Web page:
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African Methodist Episcopal Church Review, Vol. 6, Num. 3
			
                     A RAY OF LIGHT.                    355

pressed a desire to visit the land of his birth, and spend a year
or two in travelling. He wished to know something more of
his mother's home; but his mother again objected, when Lord
Rossville (whose wife was a distant relative of Mrs. Ashley's),
interceded in his behalf, promising to travel with him, and to
see that he was provided with every comfort the country af-
forded. But Frederic's plan was to purchase a residence in the
northern states, provide every comfort, and have the family
occupy it during the time he and his friend were travelling. He
would then be nearer his mamma as he always affectionately
termed her.
  This plan met the approval of Lady Rossville, but it was some
time before Mrs. Ashley would consent to it. A residence
in the United States had no charms for her, but for Frederic's
sake she at last consented.
  After completing their arrangements, they sailed for Halifax,
and from there they proceeded to Montreal, where Frederic
dispatched an agent to the States to purchase a desirable resi-
dence for the family. Oakland being then the finest piece of
property offered for sale, he purchased it. Frederic went on,
completed arrangements, made everything as comfortable as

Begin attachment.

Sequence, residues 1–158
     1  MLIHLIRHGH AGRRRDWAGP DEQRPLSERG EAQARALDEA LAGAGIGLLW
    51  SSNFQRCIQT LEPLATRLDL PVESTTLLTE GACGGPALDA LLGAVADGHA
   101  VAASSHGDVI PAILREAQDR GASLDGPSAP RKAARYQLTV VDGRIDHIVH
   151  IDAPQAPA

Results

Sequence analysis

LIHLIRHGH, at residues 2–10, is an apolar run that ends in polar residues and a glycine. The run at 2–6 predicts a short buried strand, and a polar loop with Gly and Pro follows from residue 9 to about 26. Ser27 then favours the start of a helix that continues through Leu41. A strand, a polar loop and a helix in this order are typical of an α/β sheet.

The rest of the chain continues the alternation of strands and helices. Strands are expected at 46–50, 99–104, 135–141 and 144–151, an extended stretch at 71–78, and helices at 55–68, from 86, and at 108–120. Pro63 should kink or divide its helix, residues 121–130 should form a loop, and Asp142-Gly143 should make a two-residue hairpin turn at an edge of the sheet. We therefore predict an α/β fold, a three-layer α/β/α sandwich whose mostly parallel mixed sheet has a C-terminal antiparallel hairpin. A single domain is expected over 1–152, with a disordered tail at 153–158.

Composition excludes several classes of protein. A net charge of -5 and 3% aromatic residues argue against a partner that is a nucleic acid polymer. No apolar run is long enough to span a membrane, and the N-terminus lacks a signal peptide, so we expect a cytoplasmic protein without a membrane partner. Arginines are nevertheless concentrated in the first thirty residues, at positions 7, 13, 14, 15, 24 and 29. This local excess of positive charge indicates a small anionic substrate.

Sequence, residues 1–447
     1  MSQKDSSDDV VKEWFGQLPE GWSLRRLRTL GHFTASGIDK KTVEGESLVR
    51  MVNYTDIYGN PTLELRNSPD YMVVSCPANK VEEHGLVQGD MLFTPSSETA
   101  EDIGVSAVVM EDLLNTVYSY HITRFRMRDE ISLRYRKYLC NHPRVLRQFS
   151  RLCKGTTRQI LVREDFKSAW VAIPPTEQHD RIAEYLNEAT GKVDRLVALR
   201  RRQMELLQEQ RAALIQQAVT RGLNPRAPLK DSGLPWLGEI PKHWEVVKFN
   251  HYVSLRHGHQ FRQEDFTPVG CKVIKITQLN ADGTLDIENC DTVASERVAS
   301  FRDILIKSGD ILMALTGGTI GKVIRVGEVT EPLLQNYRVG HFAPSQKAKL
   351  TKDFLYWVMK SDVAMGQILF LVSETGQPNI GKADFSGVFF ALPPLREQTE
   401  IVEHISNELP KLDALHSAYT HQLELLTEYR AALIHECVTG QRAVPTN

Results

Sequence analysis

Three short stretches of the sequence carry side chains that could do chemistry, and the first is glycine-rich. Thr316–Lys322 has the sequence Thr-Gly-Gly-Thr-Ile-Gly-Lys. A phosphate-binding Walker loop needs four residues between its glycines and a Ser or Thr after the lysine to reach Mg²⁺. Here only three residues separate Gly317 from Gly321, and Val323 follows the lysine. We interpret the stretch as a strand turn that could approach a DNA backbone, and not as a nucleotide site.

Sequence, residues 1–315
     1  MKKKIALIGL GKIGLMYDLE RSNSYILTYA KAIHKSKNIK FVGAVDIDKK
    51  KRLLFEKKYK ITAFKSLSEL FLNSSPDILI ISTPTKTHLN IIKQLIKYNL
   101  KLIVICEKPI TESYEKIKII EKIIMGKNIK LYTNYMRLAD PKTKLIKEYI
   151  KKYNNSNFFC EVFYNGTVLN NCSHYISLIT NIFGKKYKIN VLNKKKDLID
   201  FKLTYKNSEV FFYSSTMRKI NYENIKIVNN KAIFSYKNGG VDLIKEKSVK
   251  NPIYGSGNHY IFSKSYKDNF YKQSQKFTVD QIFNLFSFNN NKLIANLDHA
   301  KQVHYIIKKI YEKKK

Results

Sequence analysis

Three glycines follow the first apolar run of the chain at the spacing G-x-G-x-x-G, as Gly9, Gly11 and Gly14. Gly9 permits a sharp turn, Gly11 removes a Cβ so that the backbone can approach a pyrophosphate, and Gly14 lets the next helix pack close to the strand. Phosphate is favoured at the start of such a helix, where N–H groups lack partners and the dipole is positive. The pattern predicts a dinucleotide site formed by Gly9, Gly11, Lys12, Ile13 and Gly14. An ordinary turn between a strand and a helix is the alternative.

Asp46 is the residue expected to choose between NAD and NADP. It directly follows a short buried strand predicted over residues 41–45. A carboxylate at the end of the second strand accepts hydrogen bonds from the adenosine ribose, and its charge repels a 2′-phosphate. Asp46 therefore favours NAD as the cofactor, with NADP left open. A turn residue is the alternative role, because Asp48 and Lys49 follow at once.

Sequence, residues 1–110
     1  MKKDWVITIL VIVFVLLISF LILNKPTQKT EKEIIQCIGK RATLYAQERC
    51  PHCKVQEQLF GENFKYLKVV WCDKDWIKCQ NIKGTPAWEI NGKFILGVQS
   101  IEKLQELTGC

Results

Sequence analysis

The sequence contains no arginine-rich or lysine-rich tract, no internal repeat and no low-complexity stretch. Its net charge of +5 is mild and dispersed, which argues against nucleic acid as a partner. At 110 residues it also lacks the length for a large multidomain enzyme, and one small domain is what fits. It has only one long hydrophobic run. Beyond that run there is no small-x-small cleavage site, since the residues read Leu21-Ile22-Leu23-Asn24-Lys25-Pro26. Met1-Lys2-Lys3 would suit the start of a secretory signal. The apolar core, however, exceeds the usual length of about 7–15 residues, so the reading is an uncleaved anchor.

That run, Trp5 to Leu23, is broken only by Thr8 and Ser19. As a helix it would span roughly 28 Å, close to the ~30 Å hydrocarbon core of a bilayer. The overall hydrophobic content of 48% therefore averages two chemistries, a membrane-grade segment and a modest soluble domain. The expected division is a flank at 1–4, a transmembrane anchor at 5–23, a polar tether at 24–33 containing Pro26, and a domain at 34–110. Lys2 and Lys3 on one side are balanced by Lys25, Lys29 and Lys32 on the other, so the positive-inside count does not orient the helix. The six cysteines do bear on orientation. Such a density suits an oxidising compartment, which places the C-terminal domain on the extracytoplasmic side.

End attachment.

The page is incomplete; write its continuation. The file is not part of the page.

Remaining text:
possible, and the following June the family arrived and took
possession of their new home, And strange enough it seemed
to them.



                       CHAPTER XII.

                       A RAY OF LIGHT

  Hardie was busily engaged in his garden one very warm
morning, when a tall gentlemanly boy, accompanied by two
ladies who looked warm and weary, leaned over the gate, and
inquired politely: "Does this road lead directly to Ashley Hall,
sir?"
  "No, sir," returned Hardie; "this is not the direct road."
  "How far is it to the Hall by this road?" asked the older of
the ladies.
  "About a mile and a half," was the reply.
  "What do you think of that, Master Arthur?" asked the
younger lady.  Then turning to her companion she continued,
 "Miss Cecil, I can never walk that distance in the heat. I am
ill now, and my head aches." 
  Miss Cecil looked thoughtful a moment, then turning  to
Hardie she asked: "Will you allow us to rest awhile under the
shade of your trees?"
  "Certainly," he replied, opening the gate politely.
           




			
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OHS/National Afro-American Museum & Cultural Center Serial Collection

African Methodist Episcopal Church Review, Vol. 6, Num. 3

Volume:  06
Issue Number:  03
Date:  01/1890


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